Guyana

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Akawaio
[ake] Cuyuni-Mazaruni region: Mazaruni river basin, north of Patamona. 4,500 in Guyana (2002 SIL). Ethnic population: 5,000 (Crevels 2007). Total users in all countries: 5,350. Status: 6b (Threatened). Alternate Names: Acahuayo, Acewaio, Akawai, Ingariko, Kapon. Dialects: Reportedly similar to Macushi [mbc]; marginally intelligible with Arecuna dialect of Pemon [aoc]. Classification: Cariban, North Amazonian, Pemón, Pemón proper, Kapong. Comments: Important differences in vocabulary from Patamona [pbc]. Traditional religion, Christian.

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Arawak
[arw] Widespread. West coast and northeast along Corantyne river. 1,500 in Guyana (Forte 1990). Ethnic population: 15,500. The ethnic group represents 33% of the Amerindians in Guyana. Status: 8a (Moribund). Alternate Names: Arowak, Lokono. Classification: Maipurean, Northern, Maritime, Ta-Maipurean. Comments: Non-indigenous.

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Atorada
[aox] Upper Takutu-Upper Essequibo region: Southwest, near Wapishana [wap] language area. Few in Guyana. Status: 8a (Moribund). Alternate Names: Atorai, Ator’ti, Dauri. Dialects: None known. Lexical similarity: 50% with Wapishana [wap], 20% with Mapidian [mpw]. Classification: Maipurean, Northern, Maritime, Wapixana. Comments: Traditional religion, Christian.

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Berbice Creole Dutch
[brc] East Berbice-Corentyne and Upper Demerara-Berbice regions. No known L1 speakers (2011 SIL). 15 with limited competence (Holm 1989). Status: 10 (Extinct). Dialects: May not be inherently intelligible with Skepi Creole Dutch [skw] or the Rupununi dialect of Guyanese Creole English [gyn]. About one-third of the basic lexicon and most of the productive morphology is from Izon [ijc] in Nigeria; most of the rest of the lexicon is from Dutch [nld], 10% loans from Arawak [arw] and Guyanese Creole English. Classification: Creole, Dutch based.

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Carib
[car] Barima-Waini and Pomeroon-Supenaam regions: Northwest, coastal river heads and coastal lowland forests. 480 in Guyana (1991). Ethnic population: 3,000 (2000 J. Forte). The ethnic group represents 6% of the Amerindians in Guyana. Status: 6b (Threatened). Alternate Names: Caribe, Cariña, Galibi, Kalihna, Kalinya, Kariña, Kari’ña, Kari’na auran, Kari’nja, Kari’nya. Dialects: Murato (Myrato, Western Carib), Aretyry. Classification: Cariban.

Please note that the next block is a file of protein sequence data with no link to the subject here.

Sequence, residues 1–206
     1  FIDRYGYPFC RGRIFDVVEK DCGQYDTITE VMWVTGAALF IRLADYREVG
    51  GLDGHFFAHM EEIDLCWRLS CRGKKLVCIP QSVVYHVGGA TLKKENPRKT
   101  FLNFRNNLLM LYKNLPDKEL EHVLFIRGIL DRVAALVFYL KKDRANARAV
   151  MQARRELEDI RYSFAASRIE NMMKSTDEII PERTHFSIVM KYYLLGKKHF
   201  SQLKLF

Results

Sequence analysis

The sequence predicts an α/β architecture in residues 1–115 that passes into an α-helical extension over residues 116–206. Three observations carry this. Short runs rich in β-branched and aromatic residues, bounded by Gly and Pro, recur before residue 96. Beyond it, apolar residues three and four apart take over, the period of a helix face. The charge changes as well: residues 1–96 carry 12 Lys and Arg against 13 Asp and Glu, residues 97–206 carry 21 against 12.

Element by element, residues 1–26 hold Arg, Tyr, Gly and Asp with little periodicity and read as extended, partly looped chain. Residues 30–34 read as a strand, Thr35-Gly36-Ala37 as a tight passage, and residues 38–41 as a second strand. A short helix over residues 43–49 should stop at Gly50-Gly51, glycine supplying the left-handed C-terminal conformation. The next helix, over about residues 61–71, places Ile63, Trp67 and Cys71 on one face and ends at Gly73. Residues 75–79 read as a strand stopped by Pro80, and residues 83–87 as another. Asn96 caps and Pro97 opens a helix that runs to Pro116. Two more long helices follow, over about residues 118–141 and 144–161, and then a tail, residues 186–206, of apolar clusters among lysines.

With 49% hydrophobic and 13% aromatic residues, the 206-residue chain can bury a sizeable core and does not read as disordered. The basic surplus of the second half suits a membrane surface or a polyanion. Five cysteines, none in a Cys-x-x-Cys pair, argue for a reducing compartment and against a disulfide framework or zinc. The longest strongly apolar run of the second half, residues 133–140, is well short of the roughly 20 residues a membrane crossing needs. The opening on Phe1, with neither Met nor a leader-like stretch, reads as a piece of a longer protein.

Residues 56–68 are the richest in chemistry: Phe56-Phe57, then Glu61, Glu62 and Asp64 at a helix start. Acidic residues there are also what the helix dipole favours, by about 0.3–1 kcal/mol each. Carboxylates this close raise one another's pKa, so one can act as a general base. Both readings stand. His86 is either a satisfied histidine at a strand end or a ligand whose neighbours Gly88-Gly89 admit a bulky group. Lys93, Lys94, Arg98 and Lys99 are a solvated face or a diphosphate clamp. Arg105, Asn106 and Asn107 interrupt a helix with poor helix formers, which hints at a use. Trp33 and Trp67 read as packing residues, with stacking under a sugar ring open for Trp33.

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English
[eng] 650,000 in Guyana (Crystal 2003a). L2 users: 30,000 in Guyana (Crystal 2003a). Status: 1 (National). De facto national language. Dialects: Guyanese English. Classification: Indo-European, Germanic, West, English. Comments: Non-indigenous. When Creole languages exist alongside their lexifier language, as in Guyana, a continuum forms of variations between the Creole and the lexifier language. It is therefore difficult to substantiate the number of Creole speakers and English speakers.

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Guyanese Creole English
[gyn] Widespread. Possibly also in French Guiana. 650,000 in Guyana. 250,000 Blacks and 400,000 Hindustanis. Total users in all countries: 700,000. Status: 5 (Developing). De facto language of national identity. Alternate Names: Creolese, Guyanese Creole. Dialects: Afro-Guyanese Creole, Rupununi, Indo-Guyanese Creole. Most similar to creoles of Saint Vincent and Tobago (Holbrook). Rupununi dialect may be a separate language. Rupununi claim they are not mutually inherently intelligible. Classification: Creole, English based, Atlantic, Eastern, Southern. Comments: There is a continuum of variation from basilectal Creole to acrolectal English of the educated.

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Hindustani, Sarnami
[hns] Barima-Waini and Pomeroon-Supenaam regions. Ethnic population: 539,000. Status: 7 (Shifting). Alternate Names: Aili Gaili, Caribbean Hindustani. Classification: Indo-European, Indo-Iranian, Indo-Aryan, Outer Languages, Eastern, Bihari. Comments: Non-indigenous. Hindu.

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Macushi
[mbc] Potaro-Siparuni and Upper Takutu-Upper Essequibo regions: Southwest border area, Rupununi north savannahs, 20 small settlements up to Pakaraima mountain foothills. 930 in Guyana (2001 FUNASA). Ethnic population: 7,750 (Crevels 2007). Status: 7 (Shifting). Alternate Names: Macusi, Macussi, Makushi, Makusi, Makuxi, Teueia, Teweya. Classification: Cariban, North Amazonian, Pemón, Pemón proper.